RANDOM WRITE MEASUREMENTS
We begin delving into the difference between FOB (Fresh Out of Box), Steady State (SS), and 20% over provisioned (OP) execution for this battery of tests.
FOB testing consists of an 8GB LBA. The Steady State testing is conducted at 100% fill capacity, and utilizes full span writes. This is truly the torture test and gives an accurate picture of the SSD under the most demanding circumstances. Being a worst-case scenario, Steady State should be received as such. The 20% OP testing consists of 20% of the drive being left unformatted. The formatted region is filled to capacity, and written to full span. This provides results consistent with an optional performance boost for users.
We will also begin to compare compressible and incompressible data performance with the LSI SandForce SSDs. LSI SandForce SSDs rely upon compression for some of the performance advantages that they possess. The compressibility of the data of each workload can vary tremendously depending upon the type of data used, and here SandForce drives have a distinct advantage, as most enterprise data is very compressible.
It is extremely important for users to know their workload, and tune the SSD accordingly. We are testing with 100% compressible data, represented as solid lines. Full Random data, represented as the dashed lines, cannot be compressed. Data in some deployments will have varying levels of compressibility, so the performance may vary, and reside between these two values for semi-compressible data.
The random read write results are excellent with compressible data, coming in at 43,594 in steady state with compressible data, which is far higher than the rated 20,000 IOPS. With the 100% incompressible data the drive scores 9,138 IOPS at a QD of 32, and with a bit of extra overprovisioning can be increased to the 14,000 IOPS range.
The 128K Random Write tests also come in very high with compressible data at 434.7MB/s at QD32 in steady state. The 100% incompressible speed resides much lower at 31.27MB/s and jumps up to 46.27 with overprovisioning at a QD of 32.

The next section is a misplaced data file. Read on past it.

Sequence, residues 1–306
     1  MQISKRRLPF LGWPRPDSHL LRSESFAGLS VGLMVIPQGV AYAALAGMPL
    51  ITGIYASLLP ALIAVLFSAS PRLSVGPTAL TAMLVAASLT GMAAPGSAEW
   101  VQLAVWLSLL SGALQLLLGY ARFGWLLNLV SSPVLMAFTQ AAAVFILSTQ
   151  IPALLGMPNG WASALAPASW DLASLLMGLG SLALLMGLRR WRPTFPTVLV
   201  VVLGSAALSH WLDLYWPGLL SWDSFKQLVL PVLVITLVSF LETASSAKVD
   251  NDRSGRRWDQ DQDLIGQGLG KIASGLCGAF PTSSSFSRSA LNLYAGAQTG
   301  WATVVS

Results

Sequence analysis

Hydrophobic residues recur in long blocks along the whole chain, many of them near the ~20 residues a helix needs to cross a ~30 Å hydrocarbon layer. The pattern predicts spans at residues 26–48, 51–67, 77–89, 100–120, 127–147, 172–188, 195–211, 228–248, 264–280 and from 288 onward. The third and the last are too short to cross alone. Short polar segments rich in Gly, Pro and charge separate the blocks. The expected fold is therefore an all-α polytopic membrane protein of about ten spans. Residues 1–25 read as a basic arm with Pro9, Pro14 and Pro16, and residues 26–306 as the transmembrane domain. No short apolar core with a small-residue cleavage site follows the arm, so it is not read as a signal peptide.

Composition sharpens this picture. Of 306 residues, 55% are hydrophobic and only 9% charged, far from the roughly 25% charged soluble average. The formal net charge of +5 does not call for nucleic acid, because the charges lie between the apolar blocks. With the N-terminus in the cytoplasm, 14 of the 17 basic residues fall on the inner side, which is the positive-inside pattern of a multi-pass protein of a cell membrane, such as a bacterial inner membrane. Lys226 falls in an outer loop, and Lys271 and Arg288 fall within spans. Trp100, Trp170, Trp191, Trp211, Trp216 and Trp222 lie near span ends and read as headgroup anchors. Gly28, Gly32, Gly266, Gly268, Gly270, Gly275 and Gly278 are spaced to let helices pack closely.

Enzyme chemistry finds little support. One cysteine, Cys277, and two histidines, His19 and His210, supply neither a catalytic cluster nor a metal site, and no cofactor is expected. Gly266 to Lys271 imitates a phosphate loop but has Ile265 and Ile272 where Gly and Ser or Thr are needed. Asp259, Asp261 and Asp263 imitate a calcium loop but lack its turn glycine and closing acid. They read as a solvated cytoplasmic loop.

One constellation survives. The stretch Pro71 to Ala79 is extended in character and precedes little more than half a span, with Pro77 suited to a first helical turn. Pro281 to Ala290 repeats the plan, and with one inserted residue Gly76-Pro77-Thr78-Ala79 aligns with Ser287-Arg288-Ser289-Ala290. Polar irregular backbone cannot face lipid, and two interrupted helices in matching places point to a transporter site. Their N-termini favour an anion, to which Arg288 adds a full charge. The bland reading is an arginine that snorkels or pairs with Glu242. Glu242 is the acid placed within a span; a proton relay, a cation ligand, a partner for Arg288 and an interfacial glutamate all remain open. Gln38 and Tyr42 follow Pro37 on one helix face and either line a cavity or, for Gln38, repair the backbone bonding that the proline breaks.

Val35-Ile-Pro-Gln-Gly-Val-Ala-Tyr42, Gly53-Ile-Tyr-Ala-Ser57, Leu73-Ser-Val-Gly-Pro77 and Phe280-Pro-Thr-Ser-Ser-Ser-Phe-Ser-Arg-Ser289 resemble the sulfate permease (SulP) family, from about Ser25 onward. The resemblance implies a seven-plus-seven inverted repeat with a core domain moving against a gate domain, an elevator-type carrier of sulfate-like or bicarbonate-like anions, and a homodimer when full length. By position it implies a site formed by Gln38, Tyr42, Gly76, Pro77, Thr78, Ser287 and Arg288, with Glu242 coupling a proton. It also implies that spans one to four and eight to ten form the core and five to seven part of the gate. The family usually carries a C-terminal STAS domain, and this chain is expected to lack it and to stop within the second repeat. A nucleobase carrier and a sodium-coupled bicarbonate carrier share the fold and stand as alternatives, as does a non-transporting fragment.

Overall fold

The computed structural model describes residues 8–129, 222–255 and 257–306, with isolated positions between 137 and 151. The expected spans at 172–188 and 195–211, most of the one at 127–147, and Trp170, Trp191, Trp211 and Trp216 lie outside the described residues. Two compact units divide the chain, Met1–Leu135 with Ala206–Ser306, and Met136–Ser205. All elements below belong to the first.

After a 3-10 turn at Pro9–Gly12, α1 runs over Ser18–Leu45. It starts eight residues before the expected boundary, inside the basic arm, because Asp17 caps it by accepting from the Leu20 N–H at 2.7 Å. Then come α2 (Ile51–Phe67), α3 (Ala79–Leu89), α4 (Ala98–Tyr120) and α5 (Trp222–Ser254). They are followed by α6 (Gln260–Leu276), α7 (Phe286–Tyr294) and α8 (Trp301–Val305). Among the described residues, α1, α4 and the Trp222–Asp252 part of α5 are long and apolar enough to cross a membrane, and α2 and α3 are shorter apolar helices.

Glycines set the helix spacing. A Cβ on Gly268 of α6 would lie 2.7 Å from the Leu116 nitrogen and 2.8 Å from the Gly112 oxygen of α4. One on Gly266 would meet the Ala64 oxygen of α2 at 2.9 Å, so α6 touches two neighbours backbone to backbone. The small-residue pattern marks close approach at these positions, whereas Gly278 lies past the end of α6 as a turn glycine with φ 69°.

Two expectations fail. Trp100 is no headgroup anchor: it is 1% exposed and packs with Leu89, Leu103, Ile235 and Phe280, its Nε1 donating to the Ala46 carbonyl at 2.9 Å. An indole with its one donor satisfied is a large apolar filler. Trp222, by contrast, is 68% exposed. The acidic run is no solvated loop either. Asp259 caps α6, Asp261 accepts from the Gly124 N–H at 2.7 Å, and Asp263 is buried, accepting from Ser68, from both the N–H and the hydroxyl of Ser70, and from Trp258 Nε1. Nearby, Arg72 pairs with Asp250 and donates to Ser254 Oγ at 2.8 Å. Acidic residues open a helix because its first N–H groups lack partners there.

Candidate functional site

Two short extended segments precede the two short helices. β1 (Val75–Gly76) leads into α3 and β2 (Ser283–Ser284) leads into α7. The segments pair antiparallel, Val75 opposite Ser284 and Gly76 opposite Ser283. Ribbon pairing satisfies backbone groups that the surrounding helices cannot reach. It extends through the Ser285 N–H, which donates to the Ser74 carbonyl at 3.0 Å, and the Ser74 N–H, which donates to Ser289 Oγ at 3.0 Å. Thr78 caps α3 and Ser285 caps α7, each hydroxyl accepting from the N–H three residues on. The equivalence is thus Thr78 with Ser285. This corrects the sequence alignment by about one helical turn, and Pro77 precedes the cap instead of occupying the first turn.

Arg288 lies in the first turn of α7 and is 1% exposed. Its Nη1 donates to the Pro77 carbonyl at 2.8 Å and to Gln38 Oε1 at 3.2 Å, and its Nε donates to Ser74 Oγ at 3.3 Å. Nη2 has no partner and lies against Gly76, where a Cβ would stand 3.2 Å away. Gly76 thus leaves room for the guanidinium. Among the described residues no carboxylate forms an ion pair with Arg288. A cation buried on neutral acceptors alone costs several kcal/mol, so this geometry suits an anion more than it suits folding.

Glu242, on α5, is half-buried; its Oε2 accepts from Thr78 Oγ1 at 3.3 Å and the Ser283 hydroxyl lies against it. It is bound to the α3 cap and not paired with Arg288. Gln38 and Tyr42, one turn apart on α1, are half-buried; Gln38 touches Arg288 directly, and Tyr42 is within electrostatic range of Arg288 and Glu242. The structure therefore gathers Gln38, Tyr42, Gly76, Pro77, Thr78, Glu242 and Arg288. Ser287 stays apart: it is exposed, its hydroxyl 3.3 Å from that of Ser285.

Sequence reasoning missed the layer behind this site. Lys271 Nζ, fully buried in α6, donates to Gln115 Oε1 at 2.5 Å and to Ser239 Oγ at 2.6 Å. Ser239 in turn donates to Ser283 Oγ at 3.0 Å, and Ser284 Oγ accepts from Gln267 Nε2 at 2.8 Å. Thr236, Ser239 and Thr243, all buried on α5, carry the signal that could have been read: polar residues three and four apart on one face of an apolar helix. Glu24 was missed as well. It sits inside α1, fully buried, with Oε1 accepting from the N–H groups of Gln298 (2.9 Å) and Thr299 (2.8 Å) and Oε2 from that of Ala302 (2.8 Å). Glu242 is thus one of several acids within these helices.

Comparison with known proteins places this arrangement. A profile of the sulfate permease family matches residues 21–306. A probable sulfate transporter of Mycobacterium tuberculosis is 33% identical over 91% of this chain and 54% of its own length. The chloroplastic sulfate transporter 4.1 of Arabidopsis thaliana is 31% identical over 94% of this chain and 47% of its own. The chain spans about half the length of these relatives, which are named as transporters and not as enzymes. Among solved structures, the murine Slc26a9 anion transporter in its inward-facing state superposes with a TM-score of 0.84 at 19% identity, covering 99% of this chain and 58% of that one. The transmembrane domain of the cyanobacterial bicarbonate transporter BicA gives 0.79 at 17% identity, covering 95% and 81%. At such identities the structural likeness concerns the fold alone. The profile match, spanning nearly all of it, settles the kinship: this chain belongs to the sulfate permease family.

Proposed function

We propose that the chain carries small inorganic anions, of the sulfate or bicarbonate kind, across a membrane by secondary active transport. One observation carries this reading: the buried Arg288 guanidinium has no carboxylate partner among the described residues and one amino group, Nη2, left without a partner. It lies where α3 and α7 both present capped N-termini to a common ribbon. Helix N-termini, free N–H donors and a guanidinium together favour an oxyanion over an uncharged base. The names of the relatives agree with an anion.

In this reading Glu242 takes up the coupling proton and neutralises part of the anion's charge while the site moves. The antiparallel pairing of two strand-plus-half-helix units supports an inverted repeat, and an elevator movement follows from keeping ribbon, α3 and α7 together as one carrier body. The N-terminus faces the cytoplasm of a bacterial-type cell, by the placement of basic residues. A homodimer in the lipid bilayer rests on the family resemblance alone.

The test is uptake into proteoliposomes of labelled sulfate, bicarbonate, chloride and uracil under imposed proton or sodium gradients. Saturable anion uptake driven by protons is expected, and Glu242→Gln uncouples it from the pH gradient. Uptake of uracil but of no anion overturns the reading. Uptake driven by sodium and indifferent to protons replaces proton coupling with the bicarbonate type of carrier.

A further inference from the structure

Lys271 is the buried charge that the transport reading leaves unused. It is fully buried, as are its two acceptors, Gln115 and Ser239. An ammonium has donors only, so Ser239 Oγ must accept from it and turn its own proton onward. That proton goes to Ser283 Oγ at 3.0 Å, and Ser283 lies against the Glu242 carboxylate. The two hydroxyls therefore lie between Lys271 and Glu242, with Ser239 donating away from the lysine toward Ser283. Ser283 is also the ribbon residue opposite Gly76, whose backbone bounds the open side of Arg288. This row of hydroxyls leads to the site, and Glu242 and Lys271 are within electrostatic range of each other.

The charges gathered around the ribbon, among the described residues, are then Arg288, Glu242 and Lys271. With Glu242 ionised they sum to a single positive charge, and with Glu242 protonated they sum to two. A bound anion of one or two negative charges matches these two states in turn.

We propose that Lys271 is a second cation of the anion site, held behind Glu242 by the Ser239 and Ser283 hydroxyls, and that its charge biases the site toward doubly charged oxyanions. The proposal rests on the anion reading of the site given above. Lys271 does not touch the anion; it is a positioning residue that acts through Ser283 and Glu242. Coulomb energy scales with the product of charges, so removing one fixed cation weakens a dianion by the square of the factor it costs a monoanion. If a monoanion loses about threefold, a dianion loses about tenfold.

Power consumption is always a big deal in the server environment for several reasons. Providing power, and redundancy for that power, is a very expensive proposition and the highest ongoing expense for any enterprise application. Power consumption also equates to heat production, which in turn requires more power to effectively dissipate via active cooling solutions.
Two key measurements are most often mentioned when discussing the power requirements of any Storage device, that being idle and start-up power consumption. Idle highlights the theoretical minimum power draw, while start-up can represent the other end of that spectrum.
The SSD idles at 1.57 Watts, and consumes 3.22 Watts during start-up.
The power testing allows us to observe the power consumption over a wide variety of our tests, with the random read workloads coming in with the highest values. These low power consumption values are excellent across the board, with the peak consumption being 5.43 Watts during 4k random read, and the lowest coming with 4k random write, at 4.08 Watts. These high-load values, taken at a QD of 32, are more representative of the loading that the drive will be placed under than the idle and start-up measurements.
With the power consumption being very low, look for this drive to dominate on the IOPS/Watts chart on the next page!
Finally for the power and heat category we will compare the heat output across a wide gamut of testing scenarios. We measure the temperature by placing a digital thermometer in the center of the SSD, and another to measure the ambient air temperature. The values are represented as a T-Delta to ambient, to account for any slight variations in ambient temperature over the course of the test. Both sensors are calibrated to mirror each other.
The low power consumption of the SSD under load pays big dividends here, as the overall temperature generation is impressively low. This low heat generation is very important as it will not disturb the server environment, or create a need for excess active cooling. These are among the lowest heat generation numbers that we have observed in testing many devices.